How air pollution has emerged as an issue during Lok Sabha elections

While major political parties have vowed to figth air pollution, better emission standards and promotion of e-mobility have been promised to clean the air.

Published: 29th April 2019 11:23 AM  |   Last Updated: 29th April 2019 12:54 PM   |  A+A-

Air pollution

Representational Image (File | EPS)

By Bloomberg

Promises to fight the world’s most toxic air have made it to the manifestos of major political parties for the first time in Indian elections.

Major political parties such as the ruling Bharatiya Janata Party, the opposition Indian National Congress and the Aam Aadmi Party have pledged to combat the crisis by taking measures ranging from setting deadlines, introducing new emission standards to promoting electric vehicles in a bid to fight toxic air. That is a change from the 2014 elections when none of the party manifestos had any mention of clean air or pollution.

India, home to world’s top ten cities with the worst air quality, has been struggling to contain a deadly haze that killed an estimated 1.24 million citizens in 2017. In the past, governments have pledged millions of dollars and deployed extra teams to enforce existing environmental laws that include banning farmers from burning their fields. But the sheer scale of India’s toxic skies has made progress difficult.


Air pollution on the agenda

The ruling BJP’s election manifesto promises to focus on 102 most polluted cities in the country. “We will reduce the level of pollution in each of the mission cities by at least 35 percent over the next five years,” it says, lauding itself for “effective steps” taken to reduce the level of pollution. The Congress party manifesto calls air pollution a national public health emergency. It promises to strengthen the National Clean Air Program to tackle pollution. “All major sources of emission will be targeted, mitigated and reduced to acceptable levels,” it says. The manifesto of the Aam Aadmi Party, which runs the government in the national capital of New Delhi, promises induction of electric buses and vacuum cleaning of roads, among other measures to address the pollution problem. In order to control smog in Delhi, the AAP implemented a program in 2015 to arrest vehicular emissions through traffic controls.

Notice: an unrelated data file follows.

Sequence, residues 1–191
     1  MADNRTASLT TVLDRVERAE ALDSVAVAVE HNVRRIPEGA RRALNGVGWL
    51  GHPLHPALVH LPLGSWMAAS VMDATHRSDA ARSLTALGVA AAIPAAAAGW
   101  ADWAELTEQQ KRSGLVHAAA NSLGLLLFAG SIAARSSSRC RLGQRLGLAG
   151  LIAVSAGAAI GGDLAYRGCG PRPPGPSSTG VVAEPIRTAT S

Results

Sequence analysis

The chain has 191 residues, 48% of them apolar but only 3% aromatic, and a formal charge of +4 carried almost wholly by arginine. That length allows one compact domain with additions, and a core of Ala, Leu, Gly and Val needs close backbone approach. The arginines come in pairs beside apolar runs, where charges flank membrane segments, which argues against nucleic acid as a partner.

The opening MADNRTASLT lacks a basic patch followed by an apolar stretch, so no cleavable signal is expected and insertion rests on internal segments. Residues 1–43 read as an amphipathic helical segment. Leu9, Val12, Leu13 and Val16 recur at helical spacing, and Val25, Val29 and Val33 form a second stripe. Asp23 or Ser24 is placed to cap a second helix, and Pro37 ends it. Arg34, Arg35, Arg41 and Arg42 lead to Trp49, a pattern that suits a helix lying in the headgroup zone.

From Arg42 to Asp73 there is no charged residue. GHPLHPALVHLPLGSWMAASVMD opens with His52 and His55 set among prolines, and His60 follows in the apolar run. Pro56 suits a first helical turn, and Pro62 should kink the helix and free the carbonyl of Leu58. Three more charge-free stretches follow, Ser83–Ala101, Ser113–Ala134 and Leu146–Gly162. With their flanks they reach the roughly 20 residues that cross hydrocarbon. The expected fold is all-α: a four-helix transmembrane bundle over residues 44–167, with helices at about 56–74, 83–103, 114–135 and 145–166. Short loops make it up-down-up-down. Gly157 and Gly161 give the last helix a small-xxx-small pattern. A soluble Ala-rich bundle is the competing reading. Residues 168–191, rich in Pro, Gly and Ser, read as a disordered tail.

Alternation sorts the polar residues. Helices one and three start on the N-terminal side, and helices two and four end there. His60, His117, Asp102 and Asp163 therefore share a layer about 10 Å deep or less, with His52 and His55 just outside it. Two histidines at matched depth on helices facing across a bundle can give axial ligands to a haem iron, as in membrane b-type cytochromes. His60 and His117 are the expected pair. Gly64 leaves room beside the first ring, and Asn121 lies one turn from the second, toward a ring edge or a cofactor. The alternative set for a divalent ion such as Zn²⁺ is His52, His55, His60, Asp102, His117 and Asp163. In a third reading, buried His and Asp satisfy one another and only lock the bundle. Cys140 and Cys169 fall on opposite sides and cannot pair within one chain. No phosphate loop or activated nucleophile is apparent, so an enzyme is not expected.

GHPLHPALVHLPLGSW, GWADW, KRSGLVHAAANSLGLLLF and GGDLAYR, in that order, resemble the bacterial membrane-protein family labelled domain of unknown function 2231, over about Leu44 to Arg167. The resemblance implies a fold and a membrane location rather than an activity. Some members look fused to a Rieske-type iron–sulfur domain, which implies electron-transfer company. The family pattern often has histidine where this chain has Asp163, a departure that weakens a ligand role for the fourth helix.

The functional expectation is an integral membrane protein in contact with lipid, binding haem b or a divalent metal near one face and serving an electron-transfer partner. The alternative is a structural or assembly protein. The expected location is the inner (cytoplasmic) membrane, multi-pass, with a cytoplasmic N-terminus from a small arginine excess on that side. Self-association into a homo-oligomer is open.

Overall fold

It is a ‘‘good sign’’ that political parties haven’t ignored air pollution, according to Anumita Roy Chowdhury, executive director of research at advocacy group Centre for Science and Environment. “The intent and the purpose have to get much clearer and sharper through strong political mandate for real action afterwards,” she said in a phone interview.

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A recent study by The Lancet found 77 percent of India’s 1.4 billion people exposed to air far dirtier than recommended limits. The poor are the worst hit by pollution, according to The Lancet.

The bigger political parties’ focus on pollution should eventually trickle down to manifestos and agendas of regional parties, according to Hem Himanshu Dholakia, senior research associate at the Council on Energy, Environment and Water. “Air pollution can be solved through action by both the center and states in terms of tackling local sources, for example, waste burning, which will require more action from local bodies,” Dholakia said.

The South Asian nation’s deadly air, especially in winter, is caused due to a combination of farm stubble burning, firecrackers, vehicular emissions and weather conditions.

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